Cookin’ The Mint : Part II : A Vault of Culinary Treasures
Part 2 of 3, this post takes a closer look at the Cocktail Reception of Standing Ovations: Cookin’ The Mint. If you missed Part 1, see photos and an overview of the event here. Okay, I lied. In my last post, I left off promising…
Part 2 of 3, this post takes a closer look at the Cocktail Reception of Standing Ovations: Cookin’ The Mint. If you missed Part 1, see photos and an overview of the event here.
Okay, I lied.
In my last post, I left off promising to tell you more about the Chocolate Bazaar at Mezzanine that closed the evening’s events at Standing Ovations Cookin’ The Mint. And I will. I truly will.
But right now, I need to tell you more about the Cocktail Reception in the Mint Vaults. It’s equally as delicious, in a savory, intoxicating sort of way.
After a very warm welcome from the event organizers, we wandered through the halls that previewed the From Earth to 5-Star Exhibit. If you are in town this May, I encourage you to experience this exhibit for yourself. Every weekend, there will be daily live presentations from Bay Area locals who dedicate themselves to food, such as Peggy Smith from Cowgirl Creamery and Steve Sullivan from Acme Bread. And it also offers a rare chance to take a guided tour of the Old Mint building itself.
As we made our way to the Mint Vaults below, the timeworn brick walls enveloped us in a hive of deliciousness. Each vault was as unique as the venue that offered their toothsome appetizers within. Along with a local food venue, each vault also exhibited a winery, and while the two were not paired, per se, they often worked together, some venues even tweaking their recipes to enhance their vaultmate’s wine.
Let me tell you about some of my favorites.
Delicate roulades of Australian Yellowtail sashimi wrapped around soy infused microgreens were the star of the CleanFish table. CleanFish’s Culinary Director, Polly Legendre, was a joy to chat with, and it was very exciting to learn more about their commitment to sustainable seafood based on trustworthy sources and respectful fishing. There is true accountability with the fish they are able to provide, and they are at the forefront of responsible fishing through the CleanFish Alliance.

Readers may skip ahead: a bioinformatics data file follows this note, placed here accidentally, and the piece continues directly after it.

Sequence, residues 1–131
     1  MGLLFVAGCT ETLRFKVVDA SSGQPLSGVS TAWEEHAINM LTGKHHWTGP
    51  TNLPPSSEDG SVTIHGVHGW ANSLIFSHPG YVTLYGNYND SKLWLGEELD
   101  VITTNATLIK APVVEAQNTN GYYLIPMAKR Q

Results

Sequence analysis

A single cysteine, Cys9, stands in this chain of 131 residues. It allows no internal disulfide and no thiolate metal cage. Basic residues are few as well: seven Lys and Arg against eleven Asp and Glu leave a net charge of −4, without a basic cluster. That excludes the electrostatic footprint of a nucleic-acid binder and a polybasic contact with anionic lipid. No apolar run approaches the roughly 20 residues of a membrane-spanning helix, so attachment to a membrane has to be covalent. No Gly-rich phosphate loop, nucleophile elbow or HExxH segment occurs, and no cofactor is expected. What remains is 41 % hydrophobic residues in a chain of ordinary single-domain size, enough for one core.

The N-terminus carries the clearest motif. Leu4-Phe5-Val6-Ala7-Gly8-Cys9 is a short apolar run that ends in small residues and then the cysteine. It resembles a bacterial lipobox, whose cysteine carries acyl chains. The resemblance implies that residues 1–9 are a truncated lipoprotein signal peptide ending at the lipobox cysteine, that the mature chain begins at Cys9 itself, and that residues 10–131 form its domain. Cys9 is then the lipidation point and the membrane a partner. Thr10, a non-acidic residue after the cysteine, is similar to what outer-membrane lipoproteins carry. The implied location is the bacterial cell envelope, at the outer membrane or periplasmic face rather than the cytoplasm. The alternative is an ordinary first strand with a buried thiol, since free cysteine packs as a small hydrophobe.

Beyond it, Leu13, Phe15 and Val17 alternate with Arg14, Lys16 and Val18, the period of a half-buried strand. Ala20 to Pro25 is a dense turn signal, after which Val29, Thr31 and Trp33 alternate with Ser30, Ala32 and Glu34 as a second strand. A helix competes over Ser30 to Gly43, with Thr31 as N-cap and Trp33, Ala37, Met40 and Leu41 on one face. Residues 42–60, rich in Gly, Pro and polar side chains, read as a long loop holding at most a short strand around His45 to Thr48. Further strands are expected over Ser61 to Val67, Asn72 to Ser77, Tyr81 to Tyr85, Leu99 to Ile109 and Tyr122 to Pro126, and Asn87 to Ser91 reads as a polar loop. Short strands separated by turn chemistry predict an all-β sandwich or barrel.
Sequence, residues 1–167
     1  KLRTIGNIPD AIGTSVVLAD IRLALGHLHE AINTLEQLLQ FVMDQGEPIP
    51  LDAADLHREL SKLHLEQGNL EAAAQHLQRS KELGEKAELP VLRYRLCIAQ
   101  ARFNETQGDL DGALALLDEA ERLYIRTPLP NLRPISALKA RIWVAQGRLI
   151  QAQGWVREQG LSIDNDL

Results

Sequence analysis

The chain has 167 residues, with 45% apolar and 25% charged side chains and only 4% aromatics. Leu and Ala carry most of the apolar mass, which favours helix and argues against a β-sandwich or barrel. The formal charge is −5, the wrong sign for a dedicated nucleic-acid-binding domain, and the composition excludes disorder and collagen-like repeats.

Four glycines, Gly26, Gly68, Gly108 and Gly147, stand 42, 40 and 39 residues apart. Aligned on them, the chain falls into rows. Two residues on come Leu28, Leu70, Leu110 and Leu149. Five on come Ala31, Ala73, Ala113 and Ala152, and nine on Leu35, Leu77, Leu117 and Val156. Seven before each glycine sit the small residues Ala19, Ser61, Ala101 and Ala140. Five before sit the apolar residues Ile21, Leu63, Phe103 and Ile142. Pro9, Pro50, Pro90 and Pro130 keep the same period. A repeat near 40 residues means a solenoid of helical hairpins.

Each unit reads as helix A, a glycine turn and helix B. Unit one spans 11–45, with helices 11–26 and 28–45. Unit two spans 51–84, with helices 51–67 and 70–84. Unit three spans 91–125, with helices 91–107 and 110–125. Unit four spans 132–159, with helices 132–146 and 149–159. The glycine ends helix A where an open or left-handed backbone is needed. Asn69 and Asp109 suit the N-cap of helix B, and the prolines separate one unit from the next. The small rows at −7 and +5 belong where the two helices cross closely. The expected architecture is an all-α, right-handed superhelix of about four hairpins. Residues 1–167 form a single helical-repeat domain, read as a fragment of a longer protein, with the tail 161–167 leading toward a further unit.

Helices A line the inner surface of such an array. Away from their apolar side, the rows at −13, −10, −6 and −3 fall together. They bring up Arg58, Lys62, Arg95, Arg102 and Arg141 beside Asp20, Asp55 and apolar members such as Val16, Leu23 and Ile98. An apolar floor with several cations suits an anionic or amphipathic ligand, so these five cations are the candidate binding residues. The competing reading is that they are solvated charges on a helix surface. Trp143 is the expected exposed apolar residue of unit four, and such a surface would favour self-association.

54 Mint had my husband’s favorite for the night – a bowl of meatballs large enough for a family of 30. He probably could have happily eaten the entire bowl that night and have been completely satisfied. They really were wonderful – light and flavorful, and swimming in a tomato sauce that was Italy in sauce form.
V. Sattui Winery was in the same vault as the famed meatballs, with a wonderful selection of wines. I had never tried their Riesling before and was most surprised. Their 2008 Early Harvest Riesling was absolutely fantastic. Bright and fruity, it reminded me of a dessert wine without the perfume. Their Riesling would be a perfect drink for welcoming guests at your next outdoor summer party.
Chez Papa Resto offered trays of ruby red Hand Cut Kobe Beef Tartare Canapes that were bites of sinfulness. The quivering masses of perfectly seasoned Kobe beef atop their beds of crisp toasts were absolutely perfect and one of my favorites of the night.
In the same vault, Peju Winery was poised to offer their 2006 Napa Valley Cabernet Sauvignon and 2006 Napa Valley Estate Syrah. I opted for the Syrah, and its berry aromas with hints of spice was just lovely with Chez Papa’s canapes.
We had the pleasure of meeting the founders of Deerfield Ranch Winery, and the equally wonderful pleasure of tasting their 2007 Chardonnay. It is unlike many of the bold California Chardonnays to which we are accustomed. Deerfield Ranch’s Chardonnay is much more subdued but still full of character. Most remarkable is their passion for producing clean, organic wines with low levels of histamines and sulfites, which are often responsible for wine headaches. This truly makes them quite unique as a wine producer.
Deerfield’s delightful Chardonnay paired perfectly with Hog Island Oyster Company, with whom they shared a vault.
The oysters were the pinnacle of freshness. Freshly harvested that morning, they were perfect specimens for shucking and eating raw on the half shell. I secretly wanted to plant myself in front of the bed of ice and just reach for each newly (and expertly) shucked oyster. Nothing compares to a fresh Hog Island Oyster, glistening and quivery, soft and tasting of the sea. Hog Island prides themselves on their use of the “rack and bag” method, a more tedious process common in France that results in oysters that are ideally shaped for slurping off the half shell.
The oysters were even more fantastic with a teaspoonful of their signature Hog Wash, their brilliant take on a Mignonette, with jalapeno, cilantro and lime. If you indulge in oysters in the near future, you must make their Hog Wash. You can find the recipe here. I should mention that you can order Hog Island oysters, too, but if you are in the Bay Area, why not visit them, fresh at the source? They really are, hands down, the best oysters you will ever eat. Ever. Ever. I mean, ever.
On that tasty note, I absolutely promise to tell you about the one thing that can challenge me to think about something other than those oysters. Chocolate. The next post will take you to the Chocolate Bazaar at Mezzanine that rounded out the Cookin’ The Mint experience.